A CATHOLIC PARLIAMENT By a C.H. Reporter Since its formation the Illord Catholic Parliament has evoked much comment from both Catholics and non-Catholics. The general query is, " Who are the members, and what do they propose to do?" Mi. John L. Ryan, a member, gives the answers below:
(1) " The members," he says, " are those Catholics of Ilford who have something to say to the people of this nation in general, and to Whitehall in particular, about life, death, war, peace, education, economics, post-war planning, Beveridge and religion as well.
(2) " We intend to demonstrate that a Catholic can teach his non-Catholic fellow' citizen more about true intellectual freedom than he will ever learn from the self-styled philosopher-journalist or the ' Rationalist ' semi. intellectual."
Asked " How?" Mr. Ryan said: " Through publicity! The local press, the provincial press and the national press. Recently the Ilford local paper's correspondence columns were filled with heated debates about the advisability of playing games in the parks on Sundays. Then the T.C.P. information Committee set the ball rolling with a ' ten' point I manifesto concerning the Catholic attitude to education, and the correspondence columns devoted themselves entirely to a bloodthirsty tussle between Catholics and others on the same subject. This all followed a N.U.T. meeting at which Catholics were present in force."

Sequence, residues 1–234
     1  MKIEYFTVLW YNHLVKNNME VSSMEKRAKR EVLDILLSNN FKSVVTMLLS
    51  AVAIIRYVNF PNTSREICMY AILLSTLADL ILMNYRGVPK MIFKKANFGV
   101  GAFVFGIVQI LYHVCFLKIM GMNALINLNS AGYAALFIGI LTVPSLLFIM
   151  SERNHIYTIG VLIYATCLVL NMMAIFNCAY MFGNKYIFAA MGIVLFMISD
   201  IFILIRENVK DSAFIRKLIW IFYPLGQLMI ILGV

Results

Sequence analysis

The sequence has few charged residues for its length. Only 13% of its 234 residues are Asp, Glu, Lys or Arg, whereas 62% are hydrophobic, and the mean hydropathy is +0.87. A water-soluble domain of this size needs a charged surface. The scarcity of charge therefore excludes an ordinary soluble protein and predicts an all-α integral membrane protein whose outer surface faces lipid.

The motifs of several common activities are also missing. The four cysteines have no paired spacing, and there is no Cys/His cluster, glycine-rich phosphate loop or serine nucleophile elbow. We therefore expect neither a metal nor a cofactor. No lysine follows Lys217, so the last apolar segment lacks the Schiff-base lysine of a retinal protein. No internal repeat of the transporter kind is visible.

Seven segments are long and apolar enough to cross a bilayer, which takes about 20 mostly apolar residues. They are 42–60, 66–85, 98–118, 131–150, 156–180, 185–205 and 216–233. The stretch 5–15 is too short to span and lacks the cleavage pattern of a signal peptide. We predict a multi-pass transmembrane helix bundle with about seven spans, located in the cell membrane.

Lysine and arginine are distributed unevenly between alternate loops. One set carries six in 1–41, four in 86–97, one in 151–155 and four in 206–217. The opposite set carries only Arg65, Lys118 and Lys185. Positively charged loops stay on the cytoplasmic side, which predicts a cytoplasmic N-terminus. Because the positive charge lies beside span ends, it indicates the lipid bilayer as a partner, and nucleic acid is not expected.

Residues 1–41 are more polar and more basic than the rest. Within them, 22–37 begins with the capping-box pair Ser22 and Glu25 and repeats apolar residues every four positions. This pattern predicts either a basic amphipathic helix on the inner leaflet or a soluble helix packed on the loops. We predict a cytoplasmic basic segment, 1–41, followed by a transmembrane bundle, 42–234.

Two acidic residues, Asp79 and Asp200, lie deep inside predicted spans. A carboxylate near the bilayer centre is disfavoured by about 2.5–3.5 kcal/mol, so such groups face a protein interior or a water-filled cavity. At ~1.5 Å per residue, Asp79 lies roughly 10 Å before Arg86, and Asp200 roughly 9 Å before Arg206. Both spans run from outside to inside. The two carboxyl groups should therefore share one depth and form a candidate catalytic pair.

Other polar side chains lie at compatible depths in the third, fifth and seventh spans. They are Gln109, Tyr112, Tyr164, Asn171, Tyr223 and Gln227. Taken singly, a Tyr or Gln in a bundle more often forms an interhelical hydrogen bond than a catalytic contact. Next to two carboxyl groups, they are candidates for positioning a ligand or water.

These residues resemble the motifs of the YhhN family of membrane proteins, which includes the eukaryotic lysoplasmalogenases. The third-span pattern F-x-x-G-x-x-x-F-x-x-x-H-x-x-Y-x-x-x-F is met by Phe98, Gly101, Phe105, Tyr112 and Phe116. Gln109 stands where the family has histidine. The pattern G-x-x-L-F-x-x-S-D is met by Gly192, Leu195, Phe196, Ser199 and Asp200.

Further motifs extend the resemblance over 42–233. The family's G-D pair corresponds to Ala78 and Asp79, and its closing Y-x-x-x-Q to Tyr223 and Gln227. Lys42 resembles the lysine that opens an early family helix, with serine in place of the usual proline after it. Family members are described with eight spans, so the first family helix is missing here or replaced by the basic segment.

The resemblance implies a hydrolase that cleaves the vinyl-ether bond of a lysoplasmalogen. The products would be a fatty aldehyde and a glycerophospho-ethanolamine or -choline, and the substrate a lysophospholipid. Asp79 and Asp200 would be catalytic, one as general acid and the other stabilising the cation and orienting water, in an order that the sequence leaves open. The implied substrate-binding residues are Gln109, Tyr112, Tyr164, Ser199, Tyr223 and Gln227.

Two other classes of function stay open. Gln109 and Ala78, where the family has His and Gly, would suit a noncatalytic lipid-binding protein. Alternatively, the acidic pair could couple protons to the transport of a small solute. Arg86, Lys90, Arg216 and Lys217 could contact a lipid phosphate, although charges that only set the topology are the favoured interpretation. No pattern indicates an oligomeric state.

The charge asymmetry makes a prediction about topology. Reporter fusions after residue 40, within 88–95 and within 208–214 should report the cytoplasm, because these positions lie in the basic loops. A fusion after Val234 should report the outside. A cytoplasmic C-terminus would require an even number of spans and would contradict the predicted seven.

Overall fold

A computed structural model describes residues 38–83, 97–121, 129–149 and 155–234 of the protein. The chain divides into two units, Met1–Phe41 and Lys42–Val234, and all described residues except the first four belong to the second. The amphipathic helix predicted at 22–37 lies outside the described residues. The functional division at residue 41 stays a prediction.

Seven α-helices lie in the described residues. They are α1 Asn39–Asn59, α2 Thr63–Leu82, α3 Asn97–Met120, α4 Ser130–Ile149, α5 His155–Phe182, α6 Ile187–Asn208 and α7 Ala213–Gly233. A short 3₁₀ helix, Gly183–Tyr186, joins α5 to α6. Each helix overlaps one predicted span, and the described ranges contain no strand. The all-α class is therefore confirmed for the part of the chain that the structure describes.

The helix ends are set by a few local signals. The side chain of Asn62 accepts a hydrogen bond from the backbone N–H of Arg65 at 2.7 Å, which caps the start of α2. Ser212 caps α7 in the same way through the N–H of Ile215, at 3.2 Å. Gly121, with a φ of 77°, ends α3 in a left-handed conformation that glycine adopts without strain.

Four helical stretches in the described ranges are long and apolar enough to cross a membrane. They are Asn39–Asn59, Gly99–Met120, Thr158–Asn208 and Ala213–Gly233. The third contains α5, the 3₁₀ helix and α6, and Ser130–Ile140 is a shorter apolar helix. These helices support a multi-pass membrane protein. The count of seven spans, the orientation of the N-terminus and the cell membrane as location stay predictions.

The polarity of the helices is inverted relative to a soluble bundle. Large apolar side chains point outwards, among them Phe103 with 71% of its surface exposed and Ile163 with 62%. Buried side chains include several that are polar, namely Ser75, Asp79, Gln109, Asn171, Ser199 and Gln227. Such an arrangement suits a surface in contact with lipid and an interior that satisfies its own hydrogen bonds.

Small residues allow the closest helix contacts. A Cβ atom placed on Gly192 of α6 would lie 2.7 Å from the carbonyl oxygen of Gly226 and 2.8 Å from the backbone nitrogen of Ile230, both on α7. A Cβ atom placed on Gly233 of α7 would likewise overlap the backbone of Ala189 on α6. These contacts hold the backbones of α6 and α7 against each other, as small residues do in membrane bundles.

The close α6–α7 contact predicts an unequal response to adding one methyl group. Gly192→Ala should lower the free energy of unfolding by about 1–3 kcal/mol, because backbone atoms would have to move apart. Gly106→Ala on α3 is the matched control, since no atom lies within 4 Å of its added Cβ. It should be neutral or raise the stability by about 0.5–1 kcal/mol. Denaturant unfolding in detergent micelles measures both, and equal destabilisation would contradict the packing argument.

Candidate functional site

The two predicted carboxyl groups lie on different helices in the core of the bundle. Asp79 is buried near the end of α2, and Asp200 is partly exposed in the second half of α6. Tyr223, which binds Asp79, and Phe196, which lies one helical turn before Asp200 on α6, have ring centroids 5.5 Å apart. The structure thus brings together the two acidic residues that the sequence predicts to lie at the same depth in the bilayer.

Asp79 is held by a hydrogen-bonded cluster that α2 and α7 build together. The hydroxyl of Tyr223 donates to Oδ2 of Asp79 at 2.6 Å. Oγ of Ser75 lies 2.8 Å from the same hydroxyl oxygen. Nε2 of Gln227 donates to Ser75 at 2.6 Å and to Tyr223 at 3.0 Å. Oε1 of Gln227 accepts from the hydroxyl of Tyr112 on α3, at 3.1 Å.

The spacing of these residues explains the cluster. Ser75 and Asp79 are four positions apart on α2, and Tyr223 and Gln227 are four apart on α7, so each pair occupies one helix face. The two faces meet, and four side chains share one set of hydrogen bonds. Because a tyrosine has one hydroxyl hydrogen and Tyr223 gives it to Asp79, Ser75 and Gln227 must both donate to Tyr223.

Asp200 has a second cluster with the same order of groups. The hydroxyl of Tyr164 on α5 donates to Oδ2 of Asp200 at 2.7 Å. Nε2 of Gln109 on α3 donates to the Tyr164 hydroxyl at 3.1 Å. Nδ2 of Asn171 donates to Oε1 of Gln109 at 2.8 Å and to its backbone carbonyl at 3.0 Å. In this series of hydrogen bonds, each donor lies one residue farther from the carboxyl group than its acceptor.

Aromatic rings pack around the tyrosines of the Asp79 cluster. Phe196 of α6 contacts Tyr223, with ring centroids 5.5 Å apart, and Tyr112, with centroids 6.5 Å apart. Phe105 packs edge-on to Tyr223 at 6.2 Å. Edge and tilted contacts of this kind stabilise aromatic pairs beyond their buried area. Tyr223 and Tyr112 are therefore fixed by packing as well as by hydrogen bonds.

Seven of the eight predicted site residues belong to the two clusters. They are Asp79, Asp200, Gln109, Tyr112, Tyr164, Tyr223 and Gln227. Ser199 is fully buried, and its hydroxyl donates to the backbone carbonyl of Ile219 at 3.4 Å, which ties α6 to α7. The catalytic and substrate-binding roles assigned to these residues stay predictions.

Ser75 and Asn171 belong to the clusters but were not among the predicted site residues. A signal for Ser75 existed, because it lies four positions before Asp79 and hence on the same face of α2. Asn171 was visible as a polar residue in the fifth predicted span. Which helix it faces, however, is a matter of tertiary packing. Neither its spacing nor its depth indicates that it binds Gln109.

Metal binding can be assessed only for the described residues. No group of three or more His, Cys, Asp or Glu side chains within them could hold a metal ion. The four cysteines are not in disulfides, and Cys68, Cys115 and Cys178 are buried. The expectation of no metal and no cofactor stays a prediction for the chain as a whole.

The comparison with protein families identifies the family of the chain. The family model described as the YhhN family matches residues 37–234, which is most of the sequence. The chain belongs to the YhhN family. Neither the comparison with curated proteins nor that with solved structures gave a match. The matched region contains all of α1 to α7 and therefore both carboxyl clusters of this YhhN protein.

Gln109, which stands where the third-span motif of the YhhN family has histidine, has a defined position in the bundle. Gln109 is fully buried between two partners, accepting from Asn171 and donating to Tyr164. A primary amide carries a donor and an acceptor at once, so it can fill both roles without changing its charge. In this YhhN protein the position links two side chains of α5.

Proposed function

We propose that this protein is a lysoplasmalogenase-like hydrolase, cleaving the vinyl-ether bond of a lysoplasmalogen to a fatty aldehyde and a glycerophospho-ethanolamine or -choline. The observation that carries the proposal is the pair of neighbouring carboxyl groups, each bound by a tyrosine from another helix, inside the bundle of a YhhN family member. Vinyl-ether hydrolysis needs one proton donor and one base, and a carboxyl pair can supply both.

(3) " The I.C.P.," he went on, " has also invited correspondence from all responsible individuals and associations about public affairs. We will use this correspondence as the basis for debates and also as a basis for continual correspondence to the local press on all subjects of public interest."
HOW DEBATES ARE RUN
At these I.C.P. debates they divide the " House " into " Government " and " Opposition " benches and ask everyone present to be ready to stand up and say what he or she thinks, in order that they will get used to speaking in front of a considerable number of people. This in turn encourages precision of expression, clear thinking and the co-ordination of ideas in logical sequence.
The I.C.P. has not bound itself by any particular constitution. The members of the General Committee are expected to use their own initiative and to put into action as quickly as possible any ideas they may have for the furtherance of Catholic Action without consulting the other members. The encouragement of individual initiative and responsibility is the essence of the aim of this unique Parliament of Ilford.